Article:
As we look back on the highs and lows of 2021’s sports calendar, it’s tempting to crown certain teams as the best — or worst — in all of sports, not just their sport. That’s been difficult to do across the pro sports landscape … until now.
We here at FiveThirtyEight made a concerted effort to expand the number of leagues for which we keep Elo ratings and predictions. We added an interactive to track WNBA odds in May and rolled out an NHL forecast model just in time for hockey season in October. That gave us ratings and interactives for five major North American pro sports leagues — the NFL, NBA, MLB, NHL and WNBA — which we can also use to look back on the most dominant (and disappointing) performances of the year as a whole.
When measuring a team’s Elo performance in the past, we have tended to blend together three different measures: a team’s peak Elo when it was at its absolute best; its average Elo across the entire season (including playoffs); and its final Elo by season’s end. We can extend that concept by calculating those metrics for each franchise in each league across the 2021 calendar year, regardless of whether that included a single season (i.e., MLB) or stretched across multiple seasons (i.e., the NBA).1 And since the range of Elo ratings differs across leagues, we took one final step — calculating the z-score (which measures the number of standard deviations above/below average) for each blended Elo relative to its sport’s competition. With all of that in mind, here were the best and worst of our Big Five leagues in 2021:
(All 2021 ratings are as of Dec. 15.)
Best champion: Tampa Bay Lightning, NHL (+1.73 z-score)
The Bolts came into 2021 as the defending Stanley Cup champions, so they were starting out in better shape than most teams. But the Lightning’s 2020 championship had come under unusual circumstances (no fans!) in the league’s COVID-19 bubble, and they began their repeat bid missing some key pieces (such as the injured Nikita Kucherov), while it looked like they would also have tougher competition atop the league. Nonetheless, Tampa powered through. After finessing their salary-cap situation to finish tied for the league’s eighth-best record during the regular season, they went 16-7 in a postseason that saw Kucherov’s controversial return and featured all of the other favorites getting picked off before the final. A five-game championship triumph against the overmatched Montreal Canadiens capped off just the second back-to-back Cup run since 1998, cementing Tampa Bay as arguably the greatest team of the NHL’s salary-cap era … and Elo’s best champ of 2021.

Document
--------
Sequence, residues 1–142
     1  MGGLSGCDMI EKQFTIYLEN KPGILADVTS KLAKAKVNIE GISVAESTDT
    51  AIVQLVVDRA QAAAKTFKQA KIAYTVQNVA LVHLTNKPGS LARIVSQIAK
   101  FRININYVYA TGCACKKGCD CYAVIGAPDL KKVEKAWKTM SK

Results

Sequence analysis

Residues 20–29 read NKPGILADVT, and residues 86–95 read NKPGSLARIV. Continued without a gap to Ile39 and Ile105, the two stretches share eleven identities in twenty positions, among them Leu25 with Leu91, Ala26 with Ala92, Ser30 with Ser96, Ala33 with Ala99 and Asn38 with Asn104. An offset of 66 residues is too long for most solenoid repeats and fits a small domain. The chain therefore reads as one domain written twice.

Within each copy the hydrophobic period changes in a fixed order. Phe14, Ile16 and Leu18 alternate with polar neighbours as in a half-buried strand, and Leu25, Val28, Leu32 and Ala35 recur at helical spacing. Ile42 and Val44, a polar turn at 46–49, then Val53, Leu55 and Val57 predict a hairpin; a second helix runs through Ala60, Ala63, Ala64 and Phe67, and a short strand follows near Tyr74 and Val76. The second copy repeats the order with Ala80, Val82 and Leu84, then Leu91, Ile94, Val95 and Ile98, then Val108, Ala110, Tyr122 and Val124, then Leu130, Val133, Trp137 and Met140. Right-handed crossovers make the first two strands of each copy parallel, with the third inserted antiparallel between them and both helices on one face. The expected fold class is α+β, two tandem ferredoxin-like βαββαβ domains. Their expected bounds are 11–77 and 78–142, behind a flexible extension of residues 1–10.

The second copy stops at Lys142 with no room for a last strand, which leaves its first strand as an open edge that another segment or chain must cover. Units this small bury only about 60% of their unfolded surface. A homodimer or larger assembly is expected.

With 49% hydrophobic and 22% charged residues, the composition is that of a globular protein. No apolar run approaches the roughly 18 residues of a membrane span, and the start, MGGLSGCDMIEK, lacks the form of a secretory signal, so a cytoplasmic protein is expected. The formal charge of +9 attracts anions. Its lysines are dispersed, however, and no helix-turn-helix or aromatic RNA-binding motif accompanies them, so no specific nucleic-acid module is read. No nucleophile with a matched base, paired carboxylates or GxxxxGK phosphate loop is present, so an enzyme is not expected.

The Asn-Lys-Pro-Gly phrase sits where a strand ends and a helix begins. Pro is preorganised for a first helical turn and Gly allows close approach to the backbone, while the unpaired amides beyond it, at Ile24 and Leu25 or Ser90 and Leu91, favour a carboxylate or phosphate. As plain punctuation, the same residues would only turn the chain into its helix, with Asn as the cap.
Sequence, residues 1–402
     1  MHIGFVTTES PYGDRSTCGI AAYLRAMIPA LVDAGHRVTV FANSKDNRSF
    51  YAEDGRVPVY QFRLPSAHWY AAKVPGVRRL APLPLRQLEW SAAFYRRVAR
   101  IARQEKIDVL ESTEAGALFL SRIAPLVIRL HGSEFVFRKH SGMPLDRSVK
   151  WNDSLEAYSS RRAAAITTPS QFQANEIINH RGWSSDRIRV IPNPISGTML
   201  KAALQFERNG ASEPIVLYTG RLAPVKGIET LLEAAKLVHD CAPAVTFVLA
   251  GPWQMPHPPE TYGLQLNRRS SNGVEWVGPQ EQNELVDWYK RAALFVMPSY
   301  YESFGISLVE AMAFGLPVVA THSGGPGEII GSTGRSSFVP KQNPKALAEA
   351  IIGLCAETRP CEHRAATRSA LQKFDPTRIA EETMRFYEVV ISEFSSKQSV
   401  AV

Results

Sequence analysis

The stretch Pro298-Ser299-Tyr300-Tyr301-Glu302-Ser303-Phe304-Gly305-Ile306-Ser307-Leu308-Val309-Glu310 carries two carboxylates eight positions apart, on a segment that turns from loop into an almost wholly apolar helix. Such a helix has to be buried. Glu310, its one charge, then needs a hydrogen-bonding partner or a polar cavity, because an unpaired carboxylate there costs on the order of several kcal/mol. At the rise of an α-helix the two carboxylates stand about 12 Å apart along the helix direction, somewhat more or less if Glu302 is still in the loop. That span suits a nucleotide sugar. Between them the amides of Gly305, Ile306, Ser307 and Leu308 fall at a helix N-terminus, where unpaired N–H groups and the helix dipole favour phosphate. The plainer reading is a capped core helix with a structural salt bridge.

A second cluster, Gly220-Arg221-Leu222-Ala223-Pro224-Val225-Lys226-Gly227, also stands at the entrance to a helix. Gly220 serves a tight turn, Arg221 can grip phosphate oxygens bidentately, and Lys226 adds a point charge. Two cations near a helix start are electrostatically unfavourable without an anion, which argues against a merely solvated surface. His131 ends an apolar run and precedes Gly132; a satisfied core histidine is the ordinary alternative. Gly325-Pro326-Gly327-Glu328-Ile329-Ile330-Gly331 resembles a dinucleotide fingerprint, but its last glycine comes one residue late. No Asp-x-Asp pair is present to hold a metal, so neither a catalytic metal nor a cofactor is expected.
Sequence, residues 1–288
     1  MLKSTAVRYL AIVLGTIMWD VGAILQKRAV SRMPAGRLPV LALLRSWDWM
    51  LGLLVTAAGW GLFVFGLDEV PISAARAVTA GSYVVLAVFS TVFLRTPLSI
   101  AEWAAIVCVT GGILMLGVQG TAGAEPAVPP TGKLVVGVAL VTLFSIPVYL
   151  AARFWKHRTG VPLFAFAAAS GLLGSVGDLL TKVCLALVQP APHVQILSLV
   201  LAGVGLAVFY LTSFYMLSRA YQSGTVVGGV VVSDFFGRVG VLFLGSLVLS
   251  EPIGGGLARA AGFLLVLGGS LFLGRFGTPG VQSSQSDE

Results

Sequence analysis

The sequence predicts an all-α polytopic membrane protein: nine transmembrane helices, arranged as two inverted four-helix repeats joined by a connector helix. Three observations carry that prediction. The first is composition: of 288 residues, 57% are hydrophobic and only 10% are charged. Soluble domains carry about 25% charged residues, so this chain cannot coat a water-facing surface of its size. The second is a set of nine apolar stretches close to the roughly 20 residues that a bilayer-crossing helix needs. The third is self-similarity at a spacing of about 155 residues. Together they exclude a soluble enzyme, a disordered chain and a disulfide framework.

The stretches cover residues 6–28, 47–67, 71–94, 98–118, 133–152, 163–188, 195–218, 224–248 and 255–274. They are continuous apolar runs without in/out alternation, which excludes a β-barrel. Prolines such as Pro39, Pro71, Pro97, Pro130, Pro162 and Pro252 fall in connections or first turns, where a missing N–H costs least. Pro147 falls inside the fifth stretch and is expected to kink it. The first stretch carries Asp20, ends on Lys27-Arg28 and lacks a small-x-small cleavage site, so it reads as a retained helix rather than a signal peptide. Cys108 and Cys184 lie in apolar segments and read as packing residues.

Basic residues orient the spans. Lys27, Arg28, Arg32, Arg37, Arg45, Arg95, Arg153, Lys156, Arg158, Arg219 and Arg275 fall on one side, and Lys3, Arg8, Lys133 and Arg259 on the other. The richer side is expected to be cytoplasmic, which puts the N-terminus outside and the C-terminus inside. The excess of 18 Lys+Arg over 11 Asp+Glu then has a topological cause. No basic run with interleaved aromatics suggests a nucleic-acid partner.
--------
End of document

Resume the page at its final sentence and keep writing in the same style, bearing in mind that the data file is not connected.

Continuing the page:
|Tampa Bay Lightning||NHL||1602||1580||1574||1585||+1.73|
|Tampa Bay Buccaneers||NFL||1732||1661||1684||1692||+1.60|
Best team that didn’t win it all: Los Angeles Dodgers, MLB (+2.31 z-score)
Like the Lightning, the Dodgers entered 2021 as defending champs from an abbreviated 2020 campaign that staged its postseason at neutral sites. And on paper, the Dodgers might have been even more talent-laden this year than they were the year before. But in reality, the season was far from a smooth ride, even though L.A. pulled off some impressive in-season acquisitions and ended up winning 106 games (second-best in MLB behind the archrival San Francisco Giants). In the postseason, the Dodgers survived the wild-card game and even defeated the Giants in a contentious division series matchup, but they fell short in an NLCS rematch with the eventual champion Atlanta Braves. Along the way, Los Angeles made decisions that cost them both money and trust, and reignited questions about whether the team has won as much as it should have given its talent. But at the same time, they were baseball’s most dominant team across the majority of the season — and the top “paper champion” of major pro sports this year.2